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24 August 2005

Final Day In Mississippi

Was finally done with the Tupelo Market before driving down to Columbia (not the South American country) to visit a client. It was a charming little town that played a significant role during America's Civil War.

I was at my client's factory and it has lost the bustle of activity as the current management has switched over their business more and more towards importing rather that manufacturing. Gone are the hey days of the 1950s where it was moved from Louisiana to Mississippi. Owing to growing competition to foreign imports, manufacturing as become more and more difficult to carry on due to their higher labour cost.

As I stepped into their factory floor, I was mobbed by curious stares from the workers and I wondered if they are staring because I am Ch1nese or if they knew I was there to take away their jobs with my cheaper exports?

That appointment lasted 2 hours before officially calling my business trip over as I head over to Timburton Golf Club in Hattiesburg for a round of golf to officially kick off my R&R.


The golf course was beautiful and very very well maintained. Those tree lined neatly in a row, are pine trees. I asked my host how did they make it such that all the trees lined up to be the same height.

My host replied, "They planted all the trees at the same time."

Brilliant answer for a damn stupid question. Ouch.

After golf, we drove further down South out of Mississippi and into Louisiana or more specifically, New Orleans.

Finally, a decent hotel after spending a week in motels. The Hilton Garden Inn was a pleasant surprised as I was given a mega huge-assed room. The irony was that at USD 60.00 a night, it was even cheaper than the motels that I stayed in Tupelo and Columbia.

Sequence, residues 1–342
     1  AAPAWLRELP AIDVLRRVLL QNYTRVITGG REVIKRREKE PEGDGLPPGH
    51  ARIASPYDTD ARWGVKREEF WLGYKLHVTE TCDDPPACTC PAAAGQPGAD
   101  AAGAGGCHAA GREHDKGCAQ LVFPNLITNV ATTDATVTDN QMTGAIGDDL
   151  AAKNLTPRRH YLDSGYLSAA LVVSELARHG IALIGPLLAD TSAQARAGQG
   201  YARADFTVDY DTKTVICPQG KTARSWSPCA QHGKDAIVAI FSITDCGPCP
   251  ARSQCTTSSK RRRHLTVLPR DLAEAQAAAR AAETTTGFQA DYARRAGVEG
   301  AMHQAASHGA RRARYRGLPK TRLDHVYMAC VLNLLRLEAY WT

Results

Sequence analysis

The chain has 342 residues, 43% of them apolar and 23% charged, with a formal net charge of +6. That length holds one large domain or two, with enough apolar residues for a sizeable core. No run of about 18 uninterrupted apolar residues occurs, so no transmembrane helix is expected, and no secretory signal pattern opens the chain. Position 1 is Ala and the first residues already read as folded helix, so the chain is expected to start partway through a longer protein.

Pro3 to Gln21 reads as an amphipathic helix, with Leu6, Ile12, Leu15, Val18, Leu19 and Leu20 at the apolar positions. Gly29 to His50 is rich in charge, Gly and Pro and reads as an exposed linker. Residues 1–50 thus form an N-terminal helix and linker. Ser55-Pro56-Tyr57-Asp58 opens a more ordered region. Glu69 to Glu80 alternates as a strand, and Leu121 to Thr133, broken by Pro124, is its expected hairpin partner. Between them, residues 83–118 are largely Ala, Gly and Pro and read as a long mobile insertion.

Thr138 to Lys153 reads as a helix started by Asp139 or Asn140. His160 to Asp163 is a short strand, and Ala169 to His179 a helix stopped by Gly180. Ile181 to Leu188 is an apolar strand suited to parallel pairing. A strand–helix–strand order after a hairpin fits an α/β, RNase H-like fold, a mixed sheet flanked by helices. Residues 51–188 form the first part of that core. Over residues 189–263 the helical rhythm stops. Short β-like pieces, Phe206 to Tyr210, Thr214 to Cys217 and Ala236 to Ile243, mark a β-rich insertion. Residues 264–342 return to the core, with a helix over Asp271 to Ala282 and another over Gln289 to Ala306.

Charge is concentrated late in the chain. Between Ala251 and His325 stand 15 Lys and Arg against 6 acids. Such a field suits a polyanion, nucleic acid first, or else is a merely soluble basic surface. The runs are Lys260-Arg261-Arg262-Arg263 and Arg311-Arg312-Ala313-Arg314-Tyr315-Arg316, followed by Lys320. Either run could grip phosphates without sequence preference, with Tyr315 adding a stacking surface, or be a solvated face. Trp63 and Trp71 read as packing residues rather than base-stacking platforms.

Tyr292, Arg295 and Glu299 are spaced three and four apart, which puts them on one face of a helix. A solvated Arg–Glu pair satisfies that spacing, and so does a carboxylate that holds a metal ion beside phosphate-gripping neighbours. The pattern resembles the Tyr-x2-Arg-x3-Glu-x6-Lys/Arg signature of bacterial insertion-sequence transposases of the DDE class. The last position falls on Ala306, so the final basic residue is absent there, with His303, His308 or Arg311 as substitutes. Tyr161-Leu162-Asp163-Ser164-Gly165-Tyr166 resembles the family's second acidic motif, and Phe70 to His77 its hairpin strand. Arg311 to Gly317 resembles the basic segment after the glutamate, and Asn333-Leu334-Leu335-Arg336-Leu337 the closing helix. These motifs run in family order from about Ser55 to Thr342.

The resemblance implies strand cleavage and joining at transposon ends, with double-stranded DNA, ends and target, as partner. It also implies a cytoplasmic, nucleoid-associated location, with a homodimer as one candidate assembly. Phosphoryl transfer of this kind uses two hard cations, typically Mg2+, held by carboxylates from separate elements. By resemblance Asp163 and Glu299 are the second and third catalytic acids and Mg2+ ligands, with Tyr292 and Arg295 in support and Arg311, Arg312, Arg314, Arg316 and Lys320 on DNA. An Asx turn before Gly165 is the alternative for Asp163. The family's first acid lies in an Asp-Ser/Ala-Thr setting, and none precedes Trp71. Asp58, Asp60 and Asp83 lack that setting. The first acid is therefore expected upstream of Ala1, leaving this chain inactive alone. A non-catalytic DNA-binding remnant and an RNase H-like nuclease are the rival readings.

Unlike Tupelo, the towels here do not have yellow patches that felt quite stiff in your hands. Sheesh.

Ahh... finally, I good night's rest.

But before we hit the hay, we headed over the Deanie's for a seafood dinner. We had crawfish, catfish, oyster and crab, all deep fried. I think I not only ate enough seafood to last me my year's intake of iodine, but also enough oil from the deep fryer to make sure Singapore gets their petrol prices back to under SGD 1.00 (if the gahmen can help it,that is).

The interior decor of Deanie's reminded me very much of our Seah Street Deli and their ceiling fan is very interesting. Only a single motor to power all 5 ceiling fans by way of interconnecting fan belts.

After dinner, we felt so guilty with the binge that we decided to walk it off by taking a stroll along the famous Bourbon Street. As it was a Monday night, it wasn't too happening, unfortunately.


Bourbon Street is located in the heart of the French Quarter and it was no surprise to see the influence of the French on their architecture. The area was named French Quarter is it used to be a French settlement in the early days of the 1800s. Another interesting trivia was that New Orleans was also at one time ruled by Spain for 40 years, when they succeeded the French before handing back to the French again. All these before New Orleans was finally sold to the Americans and USA declared their independence thereafter.

Goto my flickr account if you are interested to see these pictures in larger size.

- Voxeros

1. Lynne left...
Wednesday, 24 August 2005 8:31 pm
OMG, you went to the Big Easy, I've always wanted to go there, to have an authentic bowl of gumbo! Did you enjoy the hot/sticky weather there too? Bet it reminded you of SG! :)


2. a crunchy green apple left...
Wednesday, 24 August 2005 10:02 pm :: http://greenappledelight.blogspot.com/
Beautiful pictures! =) And yes...hahaha i would have asked the "stupid" qn if i was in your shoes too. Enjoy the rest of your stay at this exotic place!


3. akk left...
Thursday, 25 August 2005 2:21 pm
huge room....:)


4. JayWalk left...
Thursday, 25 August 2005 4:29 pm ::
Lynne: Big easy indeed. Very much like Mohd Sultan except that the bands are much much better. As the wind blew, you can smell the dried puke, piss and crap in the air. I guess it is part and parcel of Bourbon Street.

Ironically, Bourbon is Tennessee whiskey and yet this street is in the heart of New Orleans, Louisiana.

Go Figure.


5. JayWalk left...
Thursday, 25 August 2005 11:29 pm ::
CrunchyGreenApple: Yeah. Thanks. It was a beautiful place. Seafood was very good also but I still think our seafood more shiok. 

Akk: Yah boy... I expected the small as the motels given that the room rates were similar. Have to say that I was pleasantly surprised.

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